Recycled wooden frame supporting paper cut made on Fabriano paper.
With: Woven recycled copper wire with plastic wire sheathing inserts on top of Zeros and Ones by Sadie Plant. Drawing on squared paper with tracing paper overlay together with Monkey Puzzle bark sample, Monkey Puzzle resin deposits and magnifying glass. In Arcadia by Tom Stoppard.

I chose the Jacquard loom at the Bowes as my object to respond to during the #Untitled10 project because it brings together many interests that already exist in my practice. For the past three years I have been exploring weaving as a process that creates a visual record of time and can incorporate different elements (animal, mineral, vegetable) into one surface texture. The punch card system the Jacquard loom uses relates well to my long standing interest in the translation of information through different systems. When Ada Lovelace was working with Charles Babbage on the Analytical Engine she notes its relationship to the Jacquard system and it is she who sees its potential as a computer rather than just a calculator. In his play In Arcadia Tom Stoppard bases a key character, Thomisina, on Ada. Lovelace is a significant female figure in the history of science and doing some of her most important work during Josephine Bowes’ lifetime, whilst I was making this work I kept thinking I wonder if Josephine knew of her and what would they talk about if they met?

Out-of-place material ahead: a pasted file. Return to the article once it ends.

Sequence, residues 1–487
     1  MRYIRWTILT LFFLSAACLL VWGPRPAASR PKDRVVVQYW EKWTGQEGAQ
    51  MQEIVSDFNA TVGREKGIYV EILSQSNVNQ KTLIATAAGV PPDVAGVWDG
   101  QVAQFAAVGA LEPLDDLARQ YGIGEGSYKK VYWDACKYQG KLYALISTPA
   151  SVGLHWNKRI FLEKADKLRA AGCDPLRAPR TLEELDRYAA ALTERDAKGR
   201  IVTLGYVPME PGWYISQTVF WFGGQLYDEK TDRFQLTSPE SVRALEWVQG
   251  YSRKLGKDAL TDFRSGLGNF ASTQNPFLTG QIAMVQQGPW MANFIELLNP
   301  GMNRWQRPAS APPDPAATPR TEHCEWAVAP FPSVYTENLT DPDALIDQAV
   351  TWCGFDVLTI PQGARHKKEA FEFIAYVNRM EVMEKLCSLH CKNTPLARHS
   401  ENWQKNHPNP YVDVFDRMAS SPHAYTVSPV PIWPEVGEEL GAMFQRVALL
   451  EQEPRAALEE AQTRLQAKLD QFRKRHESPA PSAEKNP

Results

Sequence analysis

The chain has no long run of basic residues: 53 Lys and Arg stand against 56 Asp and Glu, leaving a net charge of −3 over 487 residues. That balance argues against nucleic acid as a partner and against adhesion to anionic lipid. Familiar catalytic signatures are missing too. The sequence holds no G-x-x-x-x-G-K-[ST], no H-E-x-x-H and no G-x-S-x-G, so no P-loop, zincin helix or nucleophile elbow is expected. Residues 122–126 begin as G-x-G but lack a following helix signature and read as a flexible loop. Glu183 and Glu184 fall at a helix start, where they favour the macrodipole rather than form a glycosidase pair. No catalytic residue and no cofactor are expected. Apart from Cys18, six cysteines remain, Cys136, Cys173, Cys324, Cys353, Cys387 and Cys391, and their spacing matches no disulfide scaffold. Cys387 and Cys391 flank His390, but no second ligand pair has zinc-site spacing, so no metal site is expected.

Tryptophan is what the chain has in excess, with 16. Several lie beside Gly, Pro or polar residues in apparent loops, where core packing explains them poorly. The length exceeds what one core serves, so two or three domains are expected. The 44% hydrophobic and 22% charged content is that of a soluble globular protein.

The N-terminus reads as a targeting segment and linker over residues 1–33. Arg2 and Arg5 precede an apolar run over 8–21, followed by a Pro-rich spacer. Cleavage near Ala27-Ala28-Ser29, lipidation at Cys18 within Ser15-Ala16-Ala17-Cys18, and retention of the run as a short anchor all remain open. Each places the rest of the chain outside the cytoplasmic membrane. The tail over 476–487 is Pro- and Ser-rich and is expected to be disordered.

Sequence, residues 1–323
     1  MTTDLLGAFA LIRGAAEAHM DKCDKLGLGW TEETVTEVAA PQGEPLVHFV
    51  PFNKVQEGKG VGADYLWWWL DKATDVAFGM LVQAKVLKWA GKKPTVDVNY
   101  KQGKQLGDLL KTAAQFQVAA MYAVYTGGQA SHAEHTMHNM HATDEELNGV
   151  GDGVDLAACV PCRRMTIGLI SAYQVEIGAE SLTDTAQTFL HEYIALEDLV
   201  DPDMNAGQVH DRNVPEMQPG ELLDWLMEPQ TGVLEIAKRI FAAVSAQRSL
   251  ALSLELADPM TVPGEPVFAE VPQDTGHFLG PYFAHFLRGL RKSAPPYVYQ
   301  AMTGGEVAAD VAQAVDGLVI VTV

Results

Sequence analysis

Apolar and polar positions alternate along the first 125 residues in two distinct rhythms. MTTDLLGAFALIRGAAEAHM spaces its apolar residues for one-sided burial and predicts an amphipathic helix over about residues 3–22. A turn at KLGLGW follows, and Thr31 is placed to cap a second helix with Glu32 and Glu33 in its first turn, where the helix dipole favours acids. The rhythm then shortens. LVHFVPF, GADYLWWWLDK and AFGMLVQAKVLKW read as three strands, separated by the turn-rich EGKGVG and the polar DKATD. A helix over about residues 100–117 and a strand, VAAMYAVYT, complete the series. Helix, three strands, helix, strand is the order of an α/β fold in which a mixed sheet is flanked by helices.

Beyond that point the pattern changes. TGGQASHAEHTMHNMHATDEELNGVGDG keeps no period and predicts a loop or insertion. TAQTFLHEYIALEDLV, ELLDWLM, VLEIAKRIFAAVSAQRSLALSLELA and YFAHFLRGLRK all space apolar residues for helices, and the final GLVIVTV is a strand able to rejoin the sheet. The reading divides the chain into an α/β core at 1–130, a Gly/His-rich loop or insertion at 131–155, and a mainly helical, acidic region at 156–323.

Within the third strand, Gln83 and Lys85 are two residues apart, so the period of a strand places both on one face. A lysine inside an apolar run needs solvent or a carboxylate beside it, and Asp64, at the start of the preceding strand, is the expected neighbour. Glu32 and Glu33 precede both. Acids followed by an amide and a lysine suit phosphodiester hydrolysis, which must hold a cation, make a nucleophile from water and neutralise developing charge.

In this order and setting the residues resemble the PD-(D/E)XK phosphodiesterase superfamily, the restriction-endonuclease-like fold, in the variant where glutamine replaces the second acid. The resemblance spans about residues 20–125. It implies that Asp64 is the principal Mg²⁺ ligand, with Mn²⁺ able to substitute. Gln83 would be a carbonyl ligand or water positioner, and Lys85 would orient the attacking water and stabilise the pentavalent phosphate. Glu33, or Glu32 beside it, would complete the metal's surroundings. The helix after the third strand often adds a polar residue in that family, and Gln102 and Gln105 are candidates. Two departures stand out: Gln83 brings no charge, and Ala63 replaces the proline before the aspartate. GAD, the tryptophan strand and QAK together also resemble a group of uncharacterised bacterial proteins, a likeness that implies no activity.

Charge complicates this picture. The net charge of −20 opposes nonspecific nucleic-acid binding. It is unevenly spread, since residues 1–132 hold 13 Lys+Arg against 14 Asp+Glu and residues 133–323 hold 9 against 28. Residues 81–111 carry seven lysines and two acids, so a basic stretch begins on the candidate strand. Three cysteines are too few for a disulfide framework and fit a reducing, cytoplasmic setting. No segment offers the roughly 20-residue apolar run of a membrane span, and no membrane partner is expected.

I felt I wanted to make a link between the outside and the inside of the museum and the felling of the Monkey Puzzle tree that John Bowes planted in 1871 provided me with this opportunity. Using digital photography software I sampled the colours of a small section of Monkey Puzzle bark and made a series of coded drawings. I then used these drawings to create a paper cut that references the punch card system used to create a woven design on the Jacquard loom.